During its Shape Tech Expo in San Francisco this weekend, AT&T plans to demonstrate how it is using drones to inspect its cell towers from the air. The company is also looking at other future applications that could include using unmanned aerial vehicles (UAVs) to provide improved LTE coverage during crowded events or disasters.
AT&T has been testing various uses for drones over the past year, and the company is already using the technology to inspect cell towers. Among the other uses AT&T is exploring is the deployment of flying COWs (cell on wings) to enhance cell coverage at concerts or other events where large numbers of users can overwhelm the capacity of stationary towers.
The company's Internet of Things team and its AT&T Foundry innovation lab have also been working with Intel since early this year to explore other uses for drones. The two firms demonstrated some of their tests at the Mobile World Congress in Barcelona in February.
Laying the Foundation for 'Exciting Applications'
AT&T has reached a new milestone this week by launching the trial phase of its national drone program, John Donovan, the company's chief strategy officer and group president of technology and operations, said in a blog post Wednesday.
Using UAVs to inspect cell towers is already enabling AT&T to conduct checks more quickly and safely, "and even access parts of a tower that a human simply could not," he said. "We anticipate this will allow us to improve our customers' experience by enhancing our cell sites faster than ever before."
In the future, tethered drones at crowded concerts could allow attendees to more easily send and receive messages, something that's often hard to do when stationary cell networks are overwhelmed by high service demands, Donovan said. The company's current tests are expected to "lay the foundation for new, exciting drone applications."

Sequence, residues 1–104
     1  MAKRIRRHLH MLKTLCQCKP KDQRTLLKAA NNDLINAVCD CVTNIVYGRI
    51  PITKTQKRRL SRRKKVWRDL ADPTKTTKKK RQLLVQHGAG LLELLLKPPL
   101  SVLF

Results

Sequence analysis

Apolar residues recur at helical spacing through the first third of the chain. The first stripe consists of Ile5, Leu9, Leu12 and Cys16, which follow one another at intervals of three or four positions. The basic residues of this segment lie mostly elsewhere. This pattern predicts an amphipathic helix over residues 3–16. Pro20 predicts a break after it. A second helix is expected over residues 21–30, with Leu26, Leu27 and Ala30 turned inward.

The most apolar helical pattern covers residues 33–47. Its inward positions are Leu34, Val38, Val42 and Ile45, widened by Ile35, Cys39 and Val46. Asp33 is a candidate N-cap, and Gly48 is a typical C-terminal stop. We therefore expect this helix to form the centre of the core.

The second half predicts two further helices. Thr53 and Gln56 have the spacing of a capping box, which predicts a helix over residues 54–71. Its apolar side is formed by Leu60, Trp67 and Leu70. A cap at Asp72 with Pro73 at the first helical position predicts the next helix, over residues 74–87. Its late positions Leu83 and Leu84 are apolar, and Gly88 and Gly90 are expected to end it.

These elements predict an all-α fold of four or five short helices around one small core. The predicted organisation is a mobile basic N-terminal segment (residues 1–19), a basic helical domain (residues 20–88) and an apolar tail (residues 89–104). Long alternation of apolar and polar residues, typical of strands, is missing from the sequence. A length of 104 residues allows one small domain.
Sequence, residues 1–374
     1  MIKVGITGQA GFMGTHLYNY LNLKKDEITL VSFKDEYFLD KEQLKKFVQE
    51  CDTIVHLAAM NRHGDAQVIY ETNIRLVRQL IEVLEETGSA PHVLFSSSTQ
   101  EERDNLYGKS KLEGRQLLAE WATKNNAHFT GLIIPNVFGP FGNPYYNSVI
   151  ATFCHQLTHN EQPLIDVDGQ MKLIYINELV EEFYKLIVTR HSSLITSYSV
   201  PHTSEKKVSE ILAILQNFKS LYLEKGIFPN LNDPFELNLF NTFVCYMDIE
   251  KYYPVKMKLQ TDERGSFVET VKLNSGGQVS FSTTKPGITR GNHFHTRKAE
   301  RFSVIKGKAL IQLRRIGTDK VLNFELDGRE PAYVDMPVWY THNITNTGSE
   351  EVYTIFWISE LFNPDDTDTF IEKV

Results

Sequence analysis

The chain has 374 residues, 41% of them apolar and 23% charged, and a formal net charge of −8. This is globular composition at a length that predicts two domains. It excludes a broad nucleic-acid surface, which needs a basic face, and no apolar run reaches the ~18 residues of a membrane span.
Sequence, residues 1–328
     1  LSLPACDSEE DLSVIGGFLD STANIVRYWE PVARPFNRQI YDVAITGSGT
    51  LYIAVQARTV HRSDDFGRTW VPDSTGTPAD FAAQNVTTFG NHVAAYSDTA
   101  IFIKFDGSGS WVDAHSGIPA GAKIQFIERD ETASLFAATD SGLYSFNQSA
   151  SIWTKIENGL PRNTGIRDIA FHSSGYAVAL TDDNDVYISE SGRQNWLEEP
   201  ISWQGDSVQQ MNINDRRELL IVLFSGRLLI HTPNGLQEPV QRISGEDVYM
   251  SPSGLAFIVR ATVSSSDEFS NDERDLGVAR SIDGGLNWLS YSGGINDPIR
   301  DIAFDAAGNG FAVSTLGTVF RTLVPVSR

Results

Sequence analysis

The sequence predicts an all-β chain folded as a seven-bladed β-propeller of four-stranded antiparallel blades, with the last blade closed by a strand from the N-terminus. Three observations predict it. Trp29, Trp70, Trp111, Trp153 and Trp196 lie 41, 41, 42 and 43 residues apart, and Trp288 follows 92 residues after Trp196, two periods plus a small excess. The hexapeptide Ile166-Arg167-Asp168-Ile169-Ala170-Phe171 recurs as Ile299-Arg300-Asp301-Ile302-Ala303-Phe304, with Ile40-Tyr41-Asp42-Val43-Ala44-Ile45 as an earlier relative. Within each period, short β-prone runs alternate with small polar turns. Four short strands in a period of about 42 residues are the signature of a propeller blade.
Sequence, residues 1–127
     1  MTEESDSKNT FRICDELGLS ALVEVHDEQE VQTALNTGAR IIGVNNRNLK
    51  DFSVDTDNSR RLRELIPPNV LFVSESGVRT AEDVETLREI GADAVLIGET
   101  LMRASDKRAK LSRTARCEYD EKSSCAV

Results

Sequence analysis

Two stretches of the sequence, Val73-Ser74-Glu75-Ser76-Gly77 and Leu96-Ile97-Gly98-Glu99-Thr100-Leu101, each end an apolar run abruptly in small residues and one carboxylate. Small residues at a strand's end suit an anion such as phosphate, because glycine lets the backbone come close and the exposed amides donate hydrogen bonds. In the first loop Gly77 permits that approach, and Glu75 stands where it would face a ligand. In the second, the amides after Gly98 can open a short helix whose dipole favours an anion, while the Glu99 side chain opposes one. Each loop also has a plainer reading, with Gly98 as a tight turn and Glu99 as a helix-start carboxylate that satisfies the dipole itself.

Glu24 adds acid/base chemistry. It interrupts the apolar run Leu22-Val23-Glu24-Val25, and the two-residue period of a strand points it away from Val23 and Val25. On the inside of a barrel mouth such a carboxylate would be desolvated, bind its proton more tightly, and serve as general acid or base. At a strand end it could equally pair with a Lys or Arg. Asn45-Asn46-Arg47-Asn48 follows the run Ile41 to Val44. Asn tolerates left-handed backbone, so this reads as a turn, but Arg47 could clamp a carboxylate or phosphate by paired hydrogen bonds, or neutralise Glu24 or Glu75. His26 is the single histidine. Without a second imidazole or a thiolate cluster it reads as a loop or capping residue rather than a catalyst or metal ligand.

Amazon, Google, Facebook Also Testing Drones
AT&T is hardly the only company looking into new uses for UAVs. Amazon CEO Jeff Bezos famously unveiled his company's plans to use drones for product deliveries during a "60 Minutes" interview in 2013. Shortly afterward, Google revealed that it had successfully tested deliveries using a "Project Wing" drone in a remote part of Australia.
As part of its experimental effort known as "Project Loon," Google has been deploying high-altitude balloons in different parts of the world with the goal of providing Internet access to underserved regions. Facebook is also testing the use of drones to provide Internet services to areas that are hard to reach with normal cellular technologies.
The Federal Aviation Administration's new regulations regarding the use of small drones will go into effect on August 29. The rules, which apply to UAVs weighing less than 55 pounds, require operators to always keep such devices within their visual line-of-sight and prohibit the flying of drones over other people or under covered structures.
Posted: 2016-07-22 @ 7:55pm PT
Drones are great, but sending a mechanical need-to-be-programmed robot to do a job or service -- something that needs human hands and brains to get it fixed ASAP... Customers pay to have their service and want it to work as promised. I have service with a company that never can fix my cell... hotpot. I was thinking here I come ATT! But now, what am I to do. LoL....